For Ladau in Union Square, the nearest accessible station was two miles away, and the temperature outside was in the 30s.
"Everybody has problems with the MTA, but this is an added anxiety that most people don't think about," she said. "And for me, it shapes my entire life."
Byford's plan to build new elevators at an additional 50 stations should increase Ladau's options. But so far, the MTA has not chosen the 50 stations that will receive them or estimated the cost for the project — nor does it yet have the money. Elegudin acknowledges the proposal is lofty.
"That is an incredibly ambitious goal," he said. "That is installing elevators at almost double the pace that we currently install. And the truth is, it's not only a financial problem, although certainly the funds have a lot to do with it, it is an engineering challenge because you have to lay the groundwork for design, for moving all the utilities, finding the right place underground."
Elegudin is hoping that, if he manages to get his "quick wins," he will prove the MTA can deliver on its promises. Short-term results, he feels, will also rebuild some of the trust that's been lost with customers.
"I believe that is the key," he said. "Because if that exists, I believe our elected officials and public officials will find the money."
"Nobody ever wants to look lost"
When marketing freelancer Sophia Boccard takes the subway downtown to meetings from her upper Manhattan apartment, she first has to use her white cane to navigate down the stairs into a dark station. Diagnosed with Usher syndrome, the leading genetic cause of deaf-blindness, she often pretends to fumble for her MetroCard to give her limited vision time to adjust to the low light. Then she walks to the front of the 145th Street platform, which does not have a way to warn her where the edge is, such as yellow tactile bumps.
She's found that the first train car tends to be the emptiest, reducing the number of obstacles in her way. However, because there are no hearing loops in the cars, which would magnetically send the audio directly to her hearing aids, she can't hear any announcements conductors make. She has to hope there hasn't been a change in service.
She gets anxious if she has to transfer to an express train across the platform, because the doors on one train car aren't aligned with the doors on the train across the platform, and support columns block the way. Once, on her way to work, she turned to exit a train car and hit a pillar directly outside the door.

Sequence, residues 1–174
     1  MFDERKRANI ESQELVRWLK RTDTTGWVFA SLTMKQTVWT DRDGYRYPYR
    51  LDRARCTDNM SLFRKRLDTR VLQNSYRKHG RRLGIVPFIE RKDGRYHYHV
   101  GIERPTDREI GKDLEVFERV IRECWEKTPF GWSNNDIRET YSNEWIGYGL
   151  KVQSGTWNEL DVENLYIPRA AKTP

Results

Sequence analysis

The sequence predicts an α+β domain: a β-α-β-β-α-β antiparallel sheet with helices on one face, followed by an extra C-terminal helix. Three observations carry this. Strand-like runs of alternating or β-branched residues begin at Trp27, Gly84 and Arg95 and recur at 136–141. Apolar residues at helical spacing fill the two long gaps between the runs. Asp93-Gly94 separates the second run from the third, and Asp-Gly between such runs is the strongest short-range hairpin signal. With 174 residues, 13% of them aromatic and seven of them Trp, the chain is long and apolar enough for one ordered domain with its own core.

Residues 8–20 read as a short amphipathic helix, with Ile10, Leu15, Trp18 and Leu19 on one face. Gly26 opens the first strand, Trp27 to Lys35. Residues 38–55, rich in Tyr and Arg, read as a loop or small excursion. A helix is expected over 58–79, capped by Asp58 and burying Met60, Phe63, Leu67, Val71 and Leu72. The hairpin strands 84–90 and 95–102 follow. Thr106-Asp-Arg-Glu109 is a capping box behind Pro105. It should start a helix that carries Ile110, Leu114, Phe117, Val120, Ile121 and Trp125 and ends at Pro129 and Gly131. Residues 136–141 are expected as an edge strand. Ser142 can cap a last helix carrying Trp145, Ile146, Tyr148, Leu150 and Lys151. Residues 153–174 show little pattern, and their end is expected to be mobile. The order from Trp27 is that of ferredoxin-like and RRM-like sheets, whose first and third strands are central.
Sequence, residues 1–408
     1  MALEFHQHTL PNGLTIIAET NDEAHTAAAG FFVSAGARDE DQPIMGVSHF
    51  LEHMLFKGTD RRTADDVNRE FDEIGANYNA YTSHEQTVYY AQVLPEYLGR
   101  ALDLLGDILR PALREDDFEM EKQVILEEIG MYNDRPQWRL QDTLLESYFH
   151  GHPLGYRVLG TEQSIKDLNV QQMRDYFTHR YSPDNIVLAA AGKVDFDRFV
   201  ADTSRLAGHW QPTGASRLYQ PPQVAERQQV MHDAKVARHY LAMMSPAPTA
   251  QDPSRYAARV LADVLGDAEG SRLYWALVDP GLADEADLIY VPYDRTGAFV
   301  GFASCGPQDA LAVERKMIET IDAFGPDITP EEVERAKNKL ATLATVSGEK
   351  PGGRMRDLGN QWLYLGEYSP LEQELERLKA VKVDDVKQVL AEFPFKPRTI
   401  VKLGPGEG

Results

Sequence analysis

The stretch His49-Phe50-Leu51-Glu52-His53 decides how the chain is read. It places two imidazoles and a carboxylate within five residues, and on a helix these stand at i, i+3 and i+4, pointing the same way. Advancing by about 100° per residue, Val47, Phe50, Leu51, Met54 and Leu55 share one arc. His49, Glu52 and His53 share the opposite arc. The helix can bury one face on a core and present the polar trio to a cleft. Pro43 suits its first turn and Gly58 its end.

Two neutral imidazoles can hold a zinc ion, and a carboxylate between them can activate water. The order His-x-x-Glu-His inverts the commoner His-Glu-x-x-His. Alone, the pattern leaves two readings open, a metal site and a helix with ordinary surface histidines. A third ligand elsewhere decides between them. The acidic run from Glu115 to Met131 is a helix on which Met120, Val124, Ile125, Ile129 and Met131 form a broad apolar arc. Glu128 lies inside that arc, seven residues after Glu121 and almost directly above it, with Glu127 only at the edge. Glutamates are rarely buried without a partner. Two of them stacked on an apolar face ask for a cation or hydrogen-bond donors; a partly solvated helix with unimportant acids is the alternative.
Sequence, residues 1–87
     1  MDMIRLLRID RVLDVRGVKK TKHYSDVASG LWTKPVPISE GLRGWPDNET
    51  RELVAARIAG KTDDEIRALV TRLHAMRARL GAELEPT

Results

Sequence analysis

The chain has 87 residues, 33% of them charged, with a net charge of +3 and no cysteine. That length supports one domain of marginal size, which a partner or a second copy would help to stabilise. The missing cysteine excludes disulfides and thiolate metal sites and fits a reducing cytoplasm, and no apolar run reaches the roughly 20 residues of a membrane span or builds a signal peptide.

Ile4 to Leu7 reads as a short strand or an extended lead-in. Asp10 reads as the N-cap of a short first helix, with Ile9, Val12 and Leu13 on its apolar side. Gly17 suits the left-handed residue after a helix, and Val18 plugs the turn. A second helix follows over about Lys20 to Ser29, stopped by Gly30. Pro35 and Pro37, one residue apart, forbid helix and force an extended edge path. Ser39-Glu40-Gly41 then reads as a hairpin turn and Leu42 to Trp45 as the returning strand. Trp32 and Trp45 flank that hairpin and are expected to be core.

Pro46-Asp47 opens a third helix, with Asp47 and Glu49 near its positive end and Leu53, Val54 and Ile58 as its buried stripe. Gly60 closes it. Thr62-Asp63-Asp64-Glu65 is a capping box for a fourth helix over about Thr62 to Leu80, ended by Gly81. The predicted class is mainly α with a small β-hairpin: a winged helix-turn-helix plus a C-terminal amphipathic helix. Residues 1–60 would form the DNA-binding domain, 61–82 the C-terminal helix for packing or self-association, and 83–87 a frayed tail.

Boccard's condition hasn't stopped her from living an active life. But she often finds that the New York City subways don't help.
"You just want to be able to take the subway like a normal person," she said. "Nobody ever wants to look lost. It's why the [deaf-blind] community has a hard time going out on their own."
A power wheelchair user himself, accessibility chief Alex Elegudin acknowledges the difficulty. Sometimes he has to wait for one or two trains to come through the station before he feels like the gap between the platform and the train is safe enough to wheel over.
"For someone who is fully able, getting around some of our stations can be a challenge in terms of navigating," he said. "For someone who has a disability, it's that much more challenging."
For riders with hearing impairments, Elegudin is planning to add informational screens, both in stations and in cars. While some cars will be retrofitted to include screens that display announcements, riders will ultimately have to wait several years for the next generation of subway cars to have a variety of screens for messaging.
For blind and visually impaired passengers, Elegudin said adding signage in Braille is key, along with adding tactile pathways so riders can navigate their way through subway stations. He's also considering building an app that figures out where a rider is in the station, then audibly directs them to the exit or platform they need. It's an idea that would also help riders with cognitive and intellectual disabilities. But Elegudin recognizes that idea has a long way to go.
The MTA is currently facing three lawsuits about accessibility. The most recent, filed by United States Attorney Geoffrey Berman in March, accuses the agency of violating the Americans with Disabilities Act for failing to make a newly renovated subway station in the Bronx accessible. The two other class-action suits state that the MTA discriminates against people with disabilities.
Other older subway systems around the country have significantly higher rates of accessibility, one of the complaints states: Boston's system is 74 percent accessible, Philadelphia's is 68 percent, and Chicago's is 67 percent. Meanwhile, relatively newer transit systems in Washington and San Francisco are completely accessible.
"I don't think it's that we are conceptually in a different place," Elegudin said of the lawsuits. "We're saying that the system needs to be more accessible. We're committed to it."
Still, Elegudin knows that he's playing decades of catch-up in an antiquated system that operates around the clock. New York City residents are known to resist construction on elevators in their neighborhoods, and funding has been diverted to fixing more pressing issues, like signal malfunctions.
But times are changing. In the 1980s, then-mayor Ed Koch said it would be cheaper to pick every wheelchair user up in a limousine than to install elevators in subways and make city buses handicap accessible. Today, Elegudin is proud of the fact that all New York City public buses are ADA compliant. He's also buoyed by his boss's commitment to the cause. MTA transit chief Andy Byford has, Elegudin noted, made statements like "we are committed to achieving full accessibility."
"Those words never came out from the MTA before," Elegudin said.
For riders like Emily Ladau, the best they can do is stay cautiously optimistic.
"I hope it's not empty promises," she said.
To view Bill Whitaker's report about the MTA,.